• Don't be too anxious about your child's test scores.  It is important to let them know that the tests should be taken seriously, and to do their best.  It is also important not to increase test-taking anxiety.

Preparing Students for Success

posted Apr 11, 2017, 6:46 PM by Patty Gelbrich   [ updated Apr 11, 2017, 6:55 PM ]


In the next few months, our students will begin an assessment period.  To help parents, teachers, and school leaders know whether students are on the path to success, states have joined together to develop improved tests of student achievement.  Administered online, these assessments adapt to each student’s ability, giving teachers and parents better information to help students succeed and grow. 

Key Features

  • Measures critical thinking with questions that ask students to demonstrate their research, writing, and problem solving skills
  • Assessments are untimed and students can take breaks so that they can do their best
  • Accessibility resources for all students and accommodations – such as Braille – for those who need
  • them
  • Developed with input from K-12 teachers, higher education faculty, and other experts

 

Helping Kids Graduate Ready for College and Career

Smarter Balanced member states have worked with thousands of educators to design the assessments so that they meet the needs of teachers. Smarter Balanced is more than just a year-end test. Teachers have access to tools that help them check in on student progress throughout the year, including a Digital Library of teaching resources and optional interim assessments that help teachers plan and improve instruction. 

For more information about the Smarter Balanced Assessment, please visit:  http://www.smarterbalanced.org/parents/

5 Fun Things To Do Over Spring Break!

posted Mar 31, 2017, 10:35 AM by Patty Gelbrich   [ updated Mar 31, 2017, 10:35 AM ]

HAPPY SPRING!  Looking for some fun things to do with your children over spring break?  Here are some ideas from the Seattle Times...  Why not drive north and have some fun!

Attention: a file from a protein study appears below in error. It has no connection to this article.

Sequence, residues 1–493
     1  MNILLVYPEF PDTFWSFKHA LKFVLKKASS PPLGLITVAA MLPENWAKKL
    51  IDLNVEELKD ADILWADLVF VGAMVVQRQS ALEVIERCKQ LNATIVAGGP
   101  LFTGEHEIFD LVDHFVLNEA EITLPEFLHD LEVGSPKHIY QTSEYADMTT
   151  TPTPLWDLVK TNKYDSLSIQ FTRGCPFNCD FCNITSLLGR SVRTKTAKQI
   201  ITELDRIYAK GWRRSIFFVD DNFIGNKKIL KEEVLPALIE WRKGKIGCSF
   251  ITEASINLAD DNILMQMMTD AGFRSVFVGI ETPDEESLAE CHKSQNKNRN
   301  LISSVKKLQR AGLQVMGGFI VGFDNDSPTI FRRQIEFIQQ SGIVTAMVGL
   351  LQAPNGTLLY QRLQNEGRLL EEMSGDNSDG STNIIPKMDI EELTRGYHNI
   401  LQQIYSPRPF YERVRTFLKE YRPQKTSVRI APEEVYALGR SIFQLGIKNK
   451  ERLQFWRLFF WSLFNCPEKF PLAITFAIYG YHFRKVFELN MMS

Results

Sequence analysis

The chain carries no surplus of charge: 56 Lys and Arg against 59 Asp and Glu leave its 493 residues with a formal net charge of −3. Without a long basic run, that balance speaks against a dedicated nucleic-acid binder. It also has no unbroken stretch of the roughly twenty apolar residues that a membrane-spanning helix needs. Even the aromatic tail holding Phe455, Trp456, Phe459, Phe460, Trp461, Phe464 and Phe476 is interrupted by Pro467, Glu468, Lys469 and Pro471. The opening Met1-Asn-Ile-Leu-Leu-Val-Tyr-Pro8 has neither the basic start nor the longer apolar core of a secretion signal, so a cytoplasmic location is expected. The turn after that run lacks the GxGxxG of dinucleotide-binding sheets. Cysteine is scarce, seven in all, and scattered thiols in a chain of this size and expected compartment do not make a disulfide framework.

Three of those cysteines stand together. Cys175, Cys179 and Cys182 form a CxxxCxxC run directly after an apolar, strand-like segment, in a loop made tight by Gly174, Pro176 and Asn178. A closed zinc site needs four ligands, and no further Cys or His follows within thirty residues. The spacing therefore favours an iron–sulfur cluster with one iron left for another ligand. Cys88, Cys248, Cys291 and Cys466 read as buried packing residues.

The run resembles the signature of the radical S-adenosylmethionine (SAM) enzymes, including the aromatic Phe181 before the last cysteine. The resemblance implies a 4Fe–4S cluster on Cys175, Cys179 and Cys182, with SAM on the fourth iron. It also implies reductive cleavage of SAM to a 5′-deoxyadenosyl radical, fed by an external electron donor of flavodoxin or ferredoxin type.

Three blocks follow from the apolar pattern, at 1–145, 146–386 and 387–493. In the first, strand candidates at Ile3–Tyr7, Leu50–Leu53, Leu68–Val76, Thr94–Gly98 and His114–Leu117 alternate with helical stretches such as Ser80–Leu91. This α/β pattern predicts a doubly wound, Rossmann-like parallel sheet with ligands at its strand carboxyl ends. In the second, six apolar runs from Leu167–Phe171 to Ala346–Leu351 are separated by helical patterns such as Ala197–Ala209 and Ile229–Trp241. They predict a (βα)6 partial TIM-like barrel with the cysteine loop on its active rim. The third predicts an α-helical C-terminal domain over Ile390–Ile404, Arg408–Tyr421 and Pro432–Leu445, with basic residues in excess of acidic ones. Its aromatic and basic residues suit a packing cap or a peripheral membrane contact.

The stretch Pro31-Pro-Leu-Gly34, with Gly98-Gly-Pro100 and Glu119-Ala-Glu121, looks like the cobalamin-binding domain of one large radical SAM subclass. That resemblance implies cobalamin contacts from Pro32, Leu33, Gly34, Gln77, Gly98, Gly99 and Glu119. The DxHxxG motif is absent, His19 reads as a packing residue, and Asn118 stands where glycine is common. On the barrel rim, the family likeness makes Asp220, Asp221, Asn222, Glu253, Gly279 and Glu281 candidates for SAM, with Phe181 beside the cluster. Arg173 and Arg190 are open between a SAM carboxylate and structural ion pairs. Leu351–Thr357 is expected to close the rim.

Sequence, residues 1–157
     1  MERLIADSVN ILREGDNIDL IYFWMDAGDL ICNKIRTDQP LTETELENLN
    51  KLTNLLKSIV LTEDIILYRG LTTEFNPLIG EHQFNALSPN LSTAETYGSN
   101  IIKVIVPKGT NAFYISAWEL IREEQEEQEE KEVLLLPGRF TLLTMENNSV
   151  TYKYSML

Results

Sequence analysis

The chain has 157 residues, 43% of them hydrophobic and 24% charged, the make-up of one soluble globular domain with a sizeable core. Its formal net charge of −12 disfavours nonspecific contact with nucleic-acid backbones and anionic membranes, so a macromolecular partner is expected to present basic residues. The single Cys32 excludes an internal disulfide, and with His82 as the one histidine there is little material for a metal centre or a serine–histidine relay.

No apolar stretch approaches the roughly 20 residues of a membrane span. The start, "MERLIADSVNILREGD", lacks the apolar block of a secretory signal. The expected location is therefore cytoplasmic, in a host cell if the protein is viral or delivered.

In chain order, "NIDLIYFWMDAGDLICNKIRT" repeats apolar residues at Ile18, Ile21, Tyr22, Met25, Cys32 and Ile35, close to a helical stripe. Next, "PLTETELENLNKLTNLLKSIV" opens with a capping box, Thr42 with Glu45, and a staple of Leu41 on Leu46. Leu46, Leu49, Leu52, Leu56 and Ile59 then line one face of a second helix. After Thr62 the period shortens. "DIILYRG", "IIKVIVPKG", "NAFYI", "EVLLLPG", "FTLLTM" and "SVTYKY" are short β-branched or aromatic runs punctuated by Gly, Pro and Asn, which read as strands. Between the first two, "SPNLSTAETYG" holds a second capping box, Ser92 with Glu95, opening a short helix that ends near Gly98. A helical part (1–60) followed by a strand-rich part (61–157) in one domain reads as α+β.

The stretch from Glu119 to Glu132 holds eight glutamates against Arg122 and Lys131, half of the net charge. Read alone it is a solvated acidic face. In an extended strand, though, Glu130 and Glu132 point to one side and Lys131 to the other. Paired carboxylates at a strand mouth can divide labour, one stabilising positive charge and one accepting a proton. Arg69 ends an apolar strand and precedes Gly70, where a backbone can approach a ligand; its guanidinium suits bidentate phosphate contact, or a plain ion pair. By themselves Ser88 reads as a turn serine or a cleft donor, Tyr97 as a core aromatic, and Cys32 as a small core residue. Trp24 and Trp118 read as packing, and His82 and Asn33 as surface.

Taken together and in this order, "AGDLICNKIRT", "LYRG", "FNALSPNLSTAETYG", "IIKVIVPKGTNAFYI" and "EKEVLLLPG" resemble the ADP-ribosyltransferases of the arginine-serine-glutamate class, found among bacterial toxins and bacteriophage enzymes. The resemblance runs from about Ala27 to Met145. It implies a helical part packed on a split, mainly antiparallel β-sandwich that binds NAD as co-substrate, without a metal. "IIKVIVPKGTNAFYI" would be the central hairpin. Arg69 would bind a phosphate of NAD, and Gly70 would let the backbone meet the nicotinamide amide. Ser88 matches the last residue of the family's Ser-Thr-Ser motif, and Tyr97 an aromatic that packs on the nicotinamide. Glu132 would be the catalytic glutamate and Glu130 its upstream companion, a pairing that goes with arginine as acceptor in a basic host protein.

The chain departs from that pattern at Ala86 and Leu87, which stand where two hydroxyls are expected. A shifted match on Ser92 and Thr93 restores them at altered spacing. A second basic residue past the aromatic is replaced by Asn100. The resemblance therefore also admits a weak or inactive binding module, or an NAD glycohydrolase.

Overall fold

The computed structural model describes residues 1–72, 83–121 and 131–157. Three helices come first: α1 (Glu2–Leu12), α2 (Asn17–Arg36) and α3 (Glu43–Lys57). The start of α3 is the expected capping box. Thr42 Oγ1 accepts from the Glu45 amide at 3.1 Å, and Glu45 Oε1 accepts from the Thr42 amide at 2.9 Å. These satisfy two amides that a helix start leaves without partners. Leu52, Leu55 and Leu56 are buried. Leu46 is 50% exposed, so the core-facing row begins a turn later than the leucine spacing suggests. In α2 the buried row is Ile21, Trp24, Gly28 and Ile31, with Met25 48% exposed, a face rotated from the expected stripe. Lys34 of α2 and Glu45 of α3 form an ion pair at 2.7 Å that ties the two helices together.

1. Seattle Center hosts Whirligig inflatable rides, activities and entertainment for kids ages 12 and younger including a Toddler Zone, 11 a.m.-6 p.m. daily, March 31 though April 16, indoors at Seattle Center Armory. Rides are $8 for an all-day pass, $4.50 for all-day toddler zone pass or $1.50 per single ride. All rides are free on Thursdays.

Other activities at Seattle Public Libraries include board games for all ages, 1-3 p.m. April 11 at New Holly Branch; Craft Extravaganza with Legos and more for kids of all ages and their grownups, 3:30-5:30 p.m. April 12, Lake City Branch; board games, 2:30-4:30 p.m. April 13, Magnolia Branch; STEM program about sand for school-age children, 2:30-3:30 p.m. April 13, Rainier Beach Branch; and a Spring Craft Extravaganza for children and their grown-ups, 2-3:30 p.m. April 14 at University Branch Library. All events at public libraries are free.2. Public libraries are always a great place for kids. In addition to book browsing and story times, special events include Kid Flix movie “Moana,” for kids of all ages accompanied by adult, 3 p.m. April 5 at Woodinville Library; movie night for teens, PG-13 rated movie “Fantastic Beasts and Where to Find Them,” 6 p.m. April 6, Federal Way 320th Library; the movie “Up” for all ages, snacks provided, 1 p.m. April 10, Seattle Public Library Southwest Branch; animated movie “Trolls,” for all ages, 1 p.m. April 12, Seattle Public Library New Holly Branch; and “Moana,” for all ages, 2 p.m. April 13, Seattle Public Library Beach Hill Branch.

3. Visit with animals. From April 1 to 9, the Wild Week of Play at Northwest Trek in Eatonville features a nature-inspired Kids’ Trek play area, Trailside Encounters to meet small animals, and tram tours to see bison, mountain goats, bighorn sheep and more in the park’s 435-acre free-roaming area.

Spring Break Superstars from April 3 to 7 at Point Defiance Zoo and Aquarium in Tacoma includes activities and treats for animals, focusing on red wolves (April 3), sharks (April 4), elephants (April 5), polar bears (April 6) and tigers (April 7).

Seattle Aquarium hosts Marine Mammal Mania events daily, April 7-16.  Woodland Park Zoo has keeper talks, animal encounters, a carousel, indoor and outdoor play spaces, baby gorilla Yola in the gorilla exhibit and Willawong Station bird feeding ($1/seed stick, cash only), along with animals of the world, 9:30 a.m.-4 p.m. daily.

4. Spring is a perfect time to visit any of the wonderful public parks around our region, at the perfect price — free! Recent additions to local favorites include the recent opening of the first section of the new Arboretum Loop Trail for bicycles and pedestrians. With thousands of rhododendrons and azaleas coming into bloom, spring is one of the most beautiful times of the year at the Arboretum. On April 1, Seattle Art Museum’s Olympic Sculpture Park debuts a new art installation, “Spencer Finch: The Western Mystery, in its PACCAR Pavilion. It’s 90 glass panels suspended from the ceiling, an overlapping, constantly moving constellation of colors based on sunsets photographed from the sculpture park overlooking Puget Sound.

5. Go all out and play tourist in your hometown with a CityPass to visit five top Seattle attractions in nine days at your own pace: the Space Needle, Seattle Aquarium, Argosy Cruises Harbor Tour and your choice of Museum of Pop Culture or Woodland Park Zoo, and Chihuly Garden and Glass or Pacific Science Center. The pass is $59 for ages 4 to 12 and $79 for ages 13 and older, a 45 percent discount on regular admission for individual visits.